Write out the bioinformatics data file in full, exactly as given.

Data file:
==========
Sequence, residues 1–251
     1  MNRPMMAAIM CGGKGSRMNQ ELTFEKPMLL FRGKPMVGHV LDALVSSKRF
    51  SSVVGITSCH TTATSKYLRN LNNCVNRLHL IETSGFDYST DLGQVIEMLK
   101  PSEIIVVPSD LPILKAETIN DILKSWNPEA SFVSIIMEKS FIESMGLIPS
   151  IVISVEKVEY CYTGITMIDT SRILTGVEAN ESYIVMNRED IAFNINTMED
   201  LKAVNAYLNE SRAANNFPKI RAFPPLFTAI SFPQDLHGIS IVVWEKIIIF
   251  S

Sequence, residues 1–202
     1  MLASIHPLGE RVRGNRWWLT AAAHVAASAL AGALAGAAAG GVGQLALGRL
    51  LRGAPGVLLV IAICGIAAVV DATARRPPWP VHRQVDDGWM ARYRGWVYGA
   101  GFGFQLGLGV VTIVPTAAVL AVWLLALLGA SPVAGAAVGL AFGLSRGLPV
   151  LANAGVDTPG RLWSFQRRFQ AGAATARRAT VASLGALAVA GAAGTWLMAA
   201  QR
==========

Sequence, residues 1–251
     1  MNRPMMAAIM CGGKGSRMNQ ELTFEKPMLL FRGKPMVGHV LDALVSSKRF
    51  SSVVGITSCH TTATSKYLRN LNNCVNRLHL IETSGFDYST DLGQVIEMLK
   101  PSEIIVVPSD LPILKAETIN DILKSWNPEA SFVSIIMEKS FIESMGLIPS
   151  IVISVEKVEY CYTGITMIDT SRILTGVEAN ESYIVMNRED IAFNINTMED
   201  LKAVNAYLNE SRAANNFPKI RAFPPLFTAI SFPQDLHGIS IVVWEKIIIF
   251  S

Sequence, residues 1–202
     1  MLASIHPLGE RVRGNRWWLT AAAHVAASAL AGALAGAAAG GVGQLALGRL
    51  LRGAPGVLLV IAICGIAAVV DATARRPPWP VHRQVDDGWM ARYRGWVYGA
   101  GFGFQLGLGV VTIVPTAAVL AVWLLALLGA SPVAGAAVGL AFGLSRGLPV
   151  LANAGVDTPG RLWSFQRRFQ AGAATARRAT VASLGALAVA GAAGTWLMAA
   201  QR